Like any financial services provider handling large volumes of personally identifiable information (PII), mortgage companies are at risk of cyber attacks. According to research, 78% of lenders believe cyber security to be a top risk that needs “escalated prioritization.” A cyber security risk assessment becomes even more important in the age of digital transformation, with so many lenders using mortgage automation, mortgage AI, and other data-intensive systems to streamline processes.
The Magnitude of Risk Faced by the Mortgage Industry
While the occurrence of cybercrime has grown in general – partly due to the accelerated digitization during the pandemic – the mortgage industry is especially vulnerable. In 2021, the incidence of fraud jumped by 65%, costing the industry millions in losses. Alongside this, data-driven operations due to mortgage automation and AI adoption add to the existing threat vectors.
In 2022, a leading mortgage servicer suffered a data breach affecting more than 2.5 million customer records. In a similar incident in 2021, another mortgage company had to pay $1.5 million in fines for failing to report a data breach on time. This high degree of risk is due to the fact that most companies rely on risk controls that are set in place and then forgotten, instead of undertaking continuous risk assessments and strengthening precautionary measures at regular intervals.
Read more: Can Mortgage Automation Help Detect and Prevent Fraud in 2022?
The Scope of Cyber Security Risk Assessment in Mortgage
A cyber security risk assessment aims to cover a wide range of attack vectors and vulnerabilities, related to both technology and human error/negligence. It also considers growing risk in relation to new and emerging threats, as well as the context of new solutions that are implemented – for example, a mortgage AI bot for document management, which now stores data in a centralized place.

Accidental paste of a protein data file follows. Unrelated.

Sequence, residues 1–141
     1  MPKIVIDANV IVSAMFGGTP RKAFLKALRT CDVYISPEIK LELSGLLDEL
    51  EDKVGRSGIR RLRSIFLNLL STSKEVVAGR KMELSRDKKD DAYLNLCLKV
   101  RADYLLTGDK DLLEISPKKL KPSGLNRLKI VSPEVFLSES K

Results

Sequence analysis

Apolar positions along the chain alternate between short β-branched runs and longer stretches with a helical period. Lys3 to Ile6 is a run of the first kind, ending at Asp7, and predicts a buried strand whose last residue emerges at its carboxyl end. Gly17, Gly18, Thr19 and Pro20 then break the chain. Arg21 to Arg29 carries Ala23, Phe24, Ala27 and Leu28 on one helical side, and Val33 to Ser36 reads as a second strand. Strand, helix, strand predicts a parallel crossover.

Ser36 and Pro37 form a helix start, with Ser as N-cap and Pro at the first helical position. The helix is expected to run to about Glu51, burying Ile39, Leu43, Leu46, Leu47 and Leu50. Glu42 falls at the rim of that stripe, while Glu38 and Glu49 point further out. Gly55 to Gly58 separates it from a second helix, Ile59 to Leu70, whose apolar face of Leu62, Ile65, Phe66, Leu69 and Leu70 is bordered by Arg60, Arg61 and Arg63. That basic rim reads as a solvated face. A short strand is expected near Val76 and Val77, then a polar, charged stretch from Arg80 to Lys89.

The key areas covered by a cyber security risk assessment include:
- Endpoint protection – Ensuring that the laptops, mobile devices, virtual desktops, web applications, etc., used by employees are free from security vulnerabilities, with a focus on remote endpoints and tools used by outsourcing partners.
- Software-related risk management – Limiting the authority to make software and configuration level changes, instituting a patch management practice, and minimizing shadow IT.
- Human risk mitigation – Assessing the workforce and third-party vendors for the possibility of human error/negligence, including cyber security awareness training, hiring due diligence, and access level controls.
- Cyber security policymaking – Enforcing new policies in response to the results of cyber security risk assessment, including information security policies, network management policies, business continuity & disaster recovery (BCDR) plans, and audit practices.
- Change-related risk assessment – Gauging the risk associated with major technology implementation, such as training a mortgage AI algorithm on consumer data collected over 5-10 years.
- Risk quantification – Assigning a risk score to each identifier vector in terms of monetary fines or penalties, damage to reputation, loss of business, and interruptions to ongoing business processes.
Typically, a lender would undertake a risk assessment such as this right before an independent audit or on the occasion of a major organizational change, such as a merger or acquisition. However, this leaves you unprotected as new vulnerabilities emerge in the due course of business, and cyber criminals come up with sophisticated attack tactics to exploit any and every weakness.